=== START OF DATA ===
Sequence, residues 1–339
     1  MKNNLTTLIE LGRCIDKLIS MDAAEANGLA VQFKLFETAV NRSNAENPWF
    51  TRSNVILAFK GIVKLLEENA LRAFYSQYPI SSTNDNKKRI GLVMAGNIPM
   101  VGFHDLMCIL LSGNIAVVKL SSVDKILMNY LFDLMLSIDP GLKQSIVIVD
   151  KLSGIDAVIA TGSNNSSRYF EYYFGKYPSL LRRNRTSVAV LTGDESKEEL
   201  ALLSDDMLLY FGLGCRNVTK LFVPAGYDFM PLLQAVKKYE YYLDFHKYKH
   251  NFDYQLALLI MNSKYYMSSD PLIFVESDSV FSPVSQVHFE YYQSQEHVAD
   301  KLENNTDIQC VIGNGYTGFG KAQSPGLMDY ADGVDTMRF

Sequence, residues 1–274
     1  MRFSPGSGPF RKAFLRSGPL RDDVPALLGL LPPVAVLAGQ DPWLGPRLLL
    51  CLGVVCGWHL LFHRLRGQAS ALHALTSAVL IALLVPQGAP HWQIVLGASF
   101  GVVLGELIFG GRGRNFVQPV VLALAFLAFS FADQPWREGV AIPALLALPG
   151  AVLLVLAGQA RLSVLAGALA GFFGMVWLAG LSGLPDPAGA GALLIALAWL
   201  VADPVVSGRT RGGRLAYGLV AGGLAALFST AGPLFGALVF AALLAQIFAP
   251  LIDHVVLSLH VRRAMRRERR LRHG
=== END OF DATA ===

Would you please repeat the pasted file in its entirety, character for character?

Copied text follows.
Sequence, residues 1–339
     1  MKNNLTTLIE LGRCIDKLIS MDAAEANGLA VQFKLFETAV NRSNAENPWF
    51  TRSNVILAFK GIVKLLEENA LRAFYSQYPI SSTNDNKKRI GLVMAGNIPM
   101  VGFHDLMCIL LSGNIAVVKL SSVDKILMNY LFDLMLSIDP GLKQSIVIVD
   151  KLSGIDAVIA TGSNNSSRYF EYYFGKYPSL LRRNRTSVAV LTGDESKEEL
   201  ALLSDDMLLY FGLGCRNVTK LFVPAGYDFM PLLQAVKKYE YYLDFHKYKH
   251  NFDYQLALLI MNSKYYMSSD PLIFVESDSV FSPVSQVHFE YYQSQEHVAD
   301  KLENNTDIQC VIGNGYTGFG KAQSPGLMDY ADGVDTMRF

Sequence, residues 1–274
     1  MRFSPGSGPF RKAFLRSGPL RDDVPALLGL LPPVAVLAGQ DPWLGPRLLL
    51  CLGVVCGWHL LFHRLRGQAS ALHALTSAVL IALLVPQGAP HWQIVLGASF
   101  GVVLGELIFG GRGRNFVQPV VLALAFLAFS FADQPWREGV AIPALLALPG
   151  AVLLVLAGQA RLSVLAGALA GFFGMVWLAG LSGLPDPAGA GALLIALAWL
   201  VADPVVSGRT RGGRLAYGLV AGGLAALFST AGPLFGALVF AALLAQIFAP
   251  LIDHVVLSLH VRRAMRRERR LRHG